By Katrina Scalise Republican-American
NAUGATUCK — About half of Naugatuck High School’s 1,200-plus student body gathered Friday morning in their football stadium’s bleachers to rally for National Gun Violence Awareness Day.
The assembly was organized by the newly formed NHS chapter of Students Demand Action, which works alongside the Moms Demand Action organization. The national grassroots movement fights for public safety measures to protect people from gun violence.
“I think these kids did an incredible job of turning their grief and anger about Uvalde into real action,” Principal John Harris said, referring to last week’s school shooting in Texas that left 19 students and two teachers dead. “I’m really impressed. I mean this was an optional event, but we had an incredible turnout of kids who are passionate about this.”
Junior Emily Sturtevant was the student organizer of the rally, but she credited the event’s success to a group effort.
“We all came together and decided to make this happen … after learning about the shooting in Texas,” Sturtevant said. “We were like, ‘This is not OK. We really need to do something. We need to make a change.’ So we took action.
“We’re lucky to live in a state where the majority of our politicians agree we need to change how we see guns in America. I think what we want to do most is encourage people in states that don’t have officials that think the same way to do the same,” she added.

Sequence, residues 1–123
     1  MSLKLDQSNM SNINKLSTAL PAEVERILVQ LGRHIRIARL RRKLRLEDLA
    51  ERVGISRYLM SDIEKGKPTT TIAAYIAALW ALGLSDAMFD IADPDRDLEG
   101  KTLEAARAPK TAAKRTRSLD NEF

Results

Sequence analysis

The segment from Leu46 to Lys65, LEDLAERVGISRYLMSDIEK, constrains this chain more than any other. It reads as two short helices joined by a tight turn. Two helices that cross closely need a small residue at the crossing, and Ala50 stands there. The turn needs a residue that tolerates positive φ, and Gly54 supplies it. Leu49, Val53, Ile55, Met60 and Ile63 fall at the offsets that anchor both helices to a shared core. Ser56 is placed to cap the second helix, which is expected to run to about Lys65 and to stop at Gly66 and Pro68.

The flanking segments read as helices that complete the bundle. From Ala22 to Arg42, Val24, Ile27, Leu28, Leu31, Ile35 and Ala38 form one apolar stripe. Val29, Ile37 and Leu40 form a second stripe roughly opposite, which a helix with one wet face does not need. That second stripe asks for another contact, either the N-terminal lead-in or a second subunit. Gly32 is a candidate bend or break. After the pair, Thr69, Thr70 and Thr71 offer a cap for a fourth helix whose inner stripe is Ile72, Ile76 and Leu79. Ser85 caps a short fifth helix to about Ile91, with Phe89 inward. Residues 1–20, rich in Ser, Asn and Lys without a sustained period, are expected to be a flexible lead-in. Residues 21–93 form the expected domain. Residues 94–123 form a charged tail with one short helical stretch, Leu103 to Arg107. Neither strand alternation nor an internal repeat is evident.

Sturtevant has engaged in activist causes before, participating in a Black Lives Matter walkout last year and organizing a speaking event for U.S. Rep. Jahana Hayes, D-5th District, at the school.
Rally organizers encouraged fellow students to wear orange to “bring awareness to the signs of gun violence that often go unnoticed,” said Mia Daley, a student speaker. NHS Students Demand Action members wore orange T-shirts that read “Protect Children Not Guns.”
Students made speeches about recent mass shootings and measures to prevent gun violence.
“Our voices are powerful,” Medeea Ionescu said. “We shape the future of our nation.”
Alex Filandro shared how school shootings are significant to younger generations.
“We have grown up in a world where every mass shooting and nationwide tragedy is just a morning’s worth of breaking news, a push notification, a Snapchat story, a Tik Tok,” Filandro said. “But we are the ones who will have to fix it (gun violence).”
Jada Brown read a poem that focused on raising awareness of gun violence from the perspective of a Black teenager.
Carolina Rychlik announced the names of victims of mass shootings, including Uvalde, Buffalo and Sandy Hook.
“They deserve to be recognized and remembered,” she said.
Naugatuck has a special connection to the Sandy Hook Elementary School shooting in 2012. Dawn Hochsprung, a member of Naugatuck High School’s 1983 graduating class, was the principal and one of six adults killed. Hochsprung’s family established the Dawn Lafferty Hochsprung Memorial Fund to benefit NHS graduates in 2013.
As part of National Gun Violence Awareness Day, the NHS Students Demand Action chapter organized a fundraiser, with all proceeds donated to Sandy Hook Promise. The students sold orange ribbons during lunch periods and set up a GoFundMe page. So far they have raised more than $575 for the nonprofit, with $420 from ribbon sales alone.
Sturtevant said the Sandy Hook shooting personally affected her and her fellow students.
“We’re all 16, 17, 18 years old … those kids, the ones who were killed, would have been our age today,” she said. “So it really hits close to home.”